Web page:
The 31 member libraries of the Canadian Association of Research Libraries (CARL) spent $293 million on information resources in 2014-15, demonstrating a clear commitment to accessing print and digital content legally and rewarding content owners accordingly. Universities are actively engaged in outreach to their faculty, staff, and students, educating them on their rights and responsibilities under the Copyright Act and ensuring that uses of material under copyright fall well within the provisions of the law. Where educational uses are more substantive and therefore fall outside of fair dealing, the content is either purchased to be added to licensed collections, or rights clearances are obtained and royalties are paid for these uses. Trained, knowledgeable library staff support these activities.
Some voices in the publishing community and associated lobbyists have stated in the media that the education market has evaporated as a result of users’ fair dealing rights. This is inaccurate. Universities continue to buy and to license access to published works, at substantial cost, using public funds and student tuition dollars.
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In recent weeks, there has been some media coverage claiming that Canadian educational materials are disappearing in the face of copyright fair dealing rules. For example, several weeks ago, Globe and Mail writer Kate Taylor wrote a column on copyright featuring the incendiary headline that “Kids Will Suffer if Canada’s Copyright Legislation Doesn’t Change.” This week, the CBC provided coverage of a writer’s conference panel with a piece titled “Copyright-free material edging out Canadian texts” that speaks of sales falling off a cliff.
These articles are the latest shots in the battle launched by Canadian publisher and writer groups against fair dealing. The campaign includes regular meetings with Members of Parliament from all parties (speak to almost any MP and they will tell you that they have heard horror stories about Canadian copyright), international letter writing campaigns, and commissioned studies that feature unsubstantiated claims about the state of licensing revenues in Canada (the PWC study comes with the caveat that “we provide no opinion, attestation or other form of assurance with respect to the results of this Assessment”).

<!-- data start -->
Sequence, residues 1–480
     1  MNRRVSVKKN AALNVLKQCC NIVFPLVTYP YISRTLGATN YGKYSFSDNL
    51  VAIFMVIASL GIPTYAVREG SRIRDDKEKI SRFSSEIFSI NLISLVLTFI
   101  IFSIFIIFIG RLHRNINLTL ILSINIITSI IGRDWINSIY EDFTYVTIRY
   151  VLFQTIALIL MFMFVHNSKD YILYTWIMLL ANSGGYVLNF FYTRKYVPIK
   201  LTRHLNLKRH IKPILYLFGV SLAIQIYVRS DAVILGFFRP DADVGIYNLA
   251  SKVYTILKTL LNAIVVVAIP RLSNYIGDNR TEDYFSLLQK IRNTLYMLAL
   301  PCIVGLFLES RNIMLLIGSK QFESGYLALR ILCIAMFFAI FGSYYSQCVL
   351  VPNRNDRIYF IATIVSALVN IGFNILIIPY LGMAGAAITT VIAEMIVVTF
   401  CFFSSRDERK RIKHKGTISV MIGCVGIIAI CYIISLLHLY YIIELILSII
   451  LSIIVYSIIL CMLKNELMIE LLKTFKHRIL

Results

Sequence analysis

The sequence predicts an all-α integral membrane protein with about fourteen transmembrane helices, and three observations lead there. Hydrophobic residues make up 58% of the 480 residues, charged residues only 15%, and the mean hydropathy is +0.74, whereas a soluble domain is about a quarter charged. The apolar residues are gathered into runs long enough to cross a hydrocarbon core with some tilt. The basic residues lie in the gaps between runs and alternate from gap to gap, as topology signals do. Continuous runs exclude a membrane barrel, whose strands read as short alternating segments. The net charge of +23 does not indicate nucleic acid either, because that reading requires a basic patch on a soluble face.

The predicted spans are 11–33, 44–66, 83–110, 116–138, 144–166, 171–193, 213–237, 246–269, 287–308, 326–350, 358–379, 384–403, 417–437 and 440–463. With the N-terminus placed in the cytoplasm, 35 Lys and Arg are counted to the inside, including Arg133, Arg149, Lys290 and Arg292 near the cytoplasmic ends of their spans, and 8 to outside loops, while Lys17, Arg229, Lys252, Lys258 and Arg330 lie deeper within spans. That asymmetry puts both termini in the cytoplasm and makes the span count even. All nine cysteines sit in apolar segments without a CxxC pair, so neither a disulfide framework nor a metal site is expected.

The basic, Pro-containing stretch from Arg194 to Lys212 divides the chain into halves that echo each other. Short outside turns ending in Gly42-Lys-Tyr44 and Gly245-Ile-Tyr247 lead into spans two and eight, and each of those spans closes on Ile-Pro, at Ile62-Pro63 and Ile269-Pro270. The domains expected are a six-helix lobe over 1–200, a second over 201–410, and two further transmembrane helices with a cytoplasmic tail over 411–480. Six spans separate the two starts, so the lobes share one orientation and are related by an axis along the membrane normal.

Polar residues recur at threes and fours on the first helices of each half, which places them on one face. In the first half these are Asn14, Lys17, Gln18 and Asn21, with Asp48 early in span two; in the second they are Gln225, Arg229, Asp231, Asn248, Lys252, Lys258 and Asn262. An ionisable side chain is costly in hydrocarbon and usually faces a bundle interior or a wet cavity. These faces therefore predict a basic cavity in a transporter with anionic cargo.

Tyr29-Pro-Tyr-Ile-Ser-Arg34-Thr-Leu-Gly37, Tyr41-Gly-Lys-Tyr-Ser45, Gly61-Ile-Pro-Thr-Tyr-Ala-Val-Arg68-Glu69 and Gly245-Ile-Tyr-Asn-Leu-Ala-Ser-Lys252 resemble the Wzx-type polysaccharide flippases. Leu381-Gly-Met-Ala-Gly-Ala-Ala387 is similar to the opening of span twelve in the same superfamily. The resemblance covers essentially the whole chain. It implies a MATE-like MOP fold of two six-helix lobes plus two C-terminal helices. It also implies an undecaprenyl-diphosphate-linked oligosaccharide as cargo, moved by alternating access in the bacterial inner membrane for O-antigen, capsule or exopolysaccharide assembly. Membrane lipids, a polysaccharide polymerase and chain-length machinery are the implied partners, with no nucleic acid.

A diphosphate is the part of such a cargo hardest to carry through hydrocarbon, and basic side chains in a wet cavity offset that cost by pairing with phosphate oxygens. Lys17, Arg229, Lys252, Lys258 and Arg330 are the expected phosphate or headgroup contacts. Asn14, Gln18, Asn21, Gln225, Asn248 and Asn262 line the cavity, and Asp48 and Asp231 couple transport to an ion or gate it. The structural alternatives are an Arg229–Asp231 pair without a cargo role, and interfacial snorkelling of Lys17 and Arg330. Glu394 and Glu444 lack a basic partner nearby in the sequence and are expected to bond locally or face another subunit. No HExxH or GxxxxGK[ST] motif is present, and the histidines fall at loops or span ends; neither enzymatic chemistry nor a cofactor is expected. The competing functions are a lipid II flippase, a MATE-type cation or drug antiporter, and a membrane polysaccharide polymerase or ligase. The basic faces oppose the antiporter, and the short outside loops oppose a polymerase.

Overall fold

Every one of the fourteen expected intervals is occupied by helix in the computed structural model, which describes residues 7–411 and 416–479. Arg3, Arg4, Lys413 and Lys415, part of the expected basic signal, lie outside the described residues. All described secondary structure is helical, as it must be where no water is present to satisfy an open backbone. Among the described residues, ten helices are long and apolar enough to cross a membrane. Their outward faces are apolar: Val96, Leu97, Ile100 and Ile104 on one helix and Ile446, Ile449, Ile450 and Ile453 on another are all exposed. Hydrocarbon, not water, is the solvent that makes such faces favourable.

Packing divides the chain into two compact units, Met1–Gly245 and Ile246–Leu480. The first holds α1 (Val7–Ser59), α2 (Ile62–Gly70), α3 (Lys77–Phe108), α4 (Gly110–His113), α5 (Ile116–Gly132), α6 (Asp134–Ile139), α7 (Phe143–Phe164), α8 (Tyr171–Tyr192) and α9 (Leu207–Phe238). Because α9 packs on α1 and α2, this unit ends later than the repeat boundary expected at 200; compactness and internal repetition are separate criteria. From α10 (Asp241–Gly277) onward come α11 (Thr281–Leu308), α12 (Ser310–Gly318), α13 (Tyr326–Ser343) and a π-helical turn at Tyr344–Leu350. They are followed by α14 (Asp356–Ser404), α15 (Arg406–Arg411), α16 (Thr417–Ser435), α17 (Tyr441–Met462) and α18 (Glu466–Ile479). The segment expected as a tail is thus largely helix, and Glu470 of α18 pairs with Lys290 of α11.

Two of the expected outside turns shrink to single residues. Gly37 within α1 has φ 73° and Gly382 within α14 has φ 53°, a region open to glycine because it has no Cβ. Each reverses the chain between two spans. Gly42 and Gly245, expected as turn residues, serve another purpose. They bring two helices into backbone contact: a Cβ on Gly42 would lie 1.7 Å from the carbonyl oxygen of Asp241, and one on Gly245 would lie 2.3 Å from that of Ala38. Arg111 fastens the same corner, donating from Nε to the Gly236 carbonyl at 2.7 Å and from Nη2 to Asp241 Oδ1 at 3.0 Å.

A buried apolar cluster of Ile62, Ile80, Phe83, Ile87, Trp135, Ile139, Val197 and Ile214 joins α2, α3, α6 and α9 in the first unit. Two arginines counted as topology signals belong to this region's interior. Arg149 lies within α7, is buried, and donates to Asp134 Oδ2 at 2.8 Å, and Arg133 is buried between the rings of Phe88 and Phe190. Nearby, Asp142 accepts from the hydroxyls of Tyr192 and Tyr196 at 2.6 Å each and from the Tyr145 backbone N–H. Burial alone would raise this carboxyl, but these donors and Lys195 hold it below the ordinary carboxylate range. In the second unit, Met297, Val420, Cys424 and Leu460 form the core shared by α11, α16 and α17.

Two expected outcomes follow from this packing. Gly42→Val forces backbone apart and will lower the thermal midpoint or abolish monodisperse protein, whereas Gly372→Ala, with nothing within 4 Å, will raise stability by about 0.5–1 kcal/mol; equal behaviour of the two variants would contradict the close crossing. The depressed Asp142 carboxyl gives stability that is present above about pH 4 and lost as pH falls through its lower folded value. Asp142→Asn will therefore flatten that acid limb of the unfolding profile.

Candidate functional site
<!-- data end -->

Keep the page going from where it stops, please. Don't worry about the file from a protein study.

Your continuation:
While there have been some notable responses from people such as Meera Nair, many copyright watchers have remained largely silent, perhaps assuming that the reliance on false rhetoric will fail to find an audience. It is true that the claims have fallen flat with key independent decision makers such as the Supreme Court of Canada, the Copyright Board of Canada, and the Australian government’s Productivity Commission, but the persistent rhetoric could lead to an inaccurate view of Canadian copyright just as a review of the law is planned for 2017.
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The Honourable William Vancise, the former Chair of the Copyright Board of Canada, recently delivered a combative (and entertaining) speech at an ALAI conference in which he took the critics of the board head on. Although the conference was focused on the future of the Copyright Board, many lawyers who regularly appear before the board seemed reluctant to air their concerns in public. Instead, it fell to Vancise to liven the proceedings. The board has posted the speech online and it is well worth a read. I was in the audience and came in for criticism for this 2013 article titled It’s Time to Admit the Copyright Board is Broken.
Vancise reserved his strongest criticism for Music Canada and its lobbying campaign against Tariff 8: